Kelso keeps on racing with one man and his dog in the stands | Greg Wood | Sport

The odds-on favourite won the first race here on Monday and the loudest noise as Sam Twiston-Davies and Little Rory Mac galloped towards the line was the piping call of an oystercatcher patrolling overhead.

It was an eerie scene and one that seems likely to be played out many times in the weeks ahead, following confirmation all British racing will be behind closed doors from Tuesday.

Kelso went crowd-free 24 hours earlier following to an order from the Scottish government banning gatherings of more than 500 people as part of its plans to combat coronavirus. On a normal Monday at the borders track, they would expect around 1,500 customers. Instead, the only tickets being issued were free passes for around 100 owners.

But the prize money was still as advertised and around a dozen of Little Rory Mac’s owners, from a 20-strong syndicate run by Foxtrot Racing, were there to watch their gelding pick up a cheque for nearly £4,000 (plus, as is traditional at Kelso, a big bag of carrots for the horse).

“We’re very pleased it was on and relieved to be here,” Dan Abraham, the syndicate manager, said. “Our focus is on the horse and we’ve got a lot of syndicate members here who have had a brilliant day. It’s a bit different but when you’ve had a winner it’s very enjoyable.”

For Jonathan Garratt, Kelso’s managing director, the decision to continue racing without spectators showed the track’s support for the rural economy.

“It will be very odd with no crowd,” Garratt said before the opening race, “but it’s what we have to do and need to do. We think that’s vital because the next few months are going to be very difficult and will be much more difficult if people aren’t able to maintain their business. The racing economy needs liquidity and if we stop racing then we start to stem the flow of liquidity and that will hurt rural businesses in particular.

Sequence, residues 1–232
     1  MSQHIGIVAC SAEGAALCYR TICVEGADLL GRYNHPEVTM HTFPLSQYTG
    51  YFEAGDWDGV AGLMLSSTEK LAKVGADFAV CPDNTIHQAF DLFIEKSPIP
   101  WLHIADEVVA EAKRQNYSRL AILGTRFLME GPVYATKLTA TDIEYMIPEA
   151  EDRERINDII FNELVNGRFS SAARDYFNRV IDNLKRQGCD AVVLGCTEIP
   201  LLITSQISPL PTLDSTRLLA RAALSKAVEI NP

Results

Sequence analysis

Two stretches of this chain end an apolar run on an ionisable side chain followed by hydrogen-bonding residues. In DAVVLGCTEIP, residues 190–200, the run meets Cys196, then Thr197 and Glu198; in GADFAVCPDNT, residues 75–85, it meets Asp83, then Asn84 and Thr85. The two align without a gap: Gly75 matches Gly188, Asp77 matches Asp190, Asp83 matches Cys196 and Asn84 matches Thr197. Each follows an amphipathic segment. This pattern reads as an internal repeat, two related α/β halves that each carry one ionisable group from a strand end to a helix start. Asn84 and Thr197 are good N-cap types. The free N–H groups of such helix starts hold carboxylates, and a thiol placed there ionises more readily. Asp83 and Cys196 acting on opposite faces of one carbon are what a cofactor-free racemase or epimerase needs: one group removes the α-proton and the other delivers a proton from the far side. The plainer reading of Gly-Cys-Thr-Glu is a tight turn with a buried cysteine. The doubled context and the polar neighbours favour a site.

“If there aren’t any races and no prize money to be won, owners don’t keep horses in training. Without horses in training, trainers are compromised, stable staff don’t have jobs and there are other associated businesses like farriers, feed merchants, all sorts of people.”

A little under seven years ago, Ryan Mania galloped past the Elbow at Aintree and into the record books aboard the 2013 Grand National winner, Auroras Encore. On Monday the volume was turned down from 11 to zero as he took the second race on Duc De Grissay. At one point shortly before the off the audience in the main grandstand was, literally, one man and his dog.

“Monday at Kelso wouldn’t attract a massive crowd so it doesn’t feel a lot different,” Mania said. “It’s business as usual, all we want to do is ride horses and earn some money, and so long as the racing’s on, that’s the main thing. I can’t imagine how it would work if we shut down. We’d lose meetings and they wouldn’t restage them come the summertime so if we can keep the ball rolling – let’s hope they do.”

Garratt hopes to be racing again on Saturday, when a normal crowd would have been closer to 4,000, but his estimate that there were 220 people here before the gates were opened to owners highlights how difficult it will be for Aintree to stage the Grand National next month within a 500-person limit.

“We’ve got to make sure there’s an economy left at the end of the crisis,” he said. “It’s an ever-changing situation. We use a private ambulance service so there’s no drain on NHS resources by us racing but it may well be that in weeks to come, the resources here today will be needed to help the NHS.

“But what we’re doing at the moment, I’ve no doubt it’s the right thing to be doing.”

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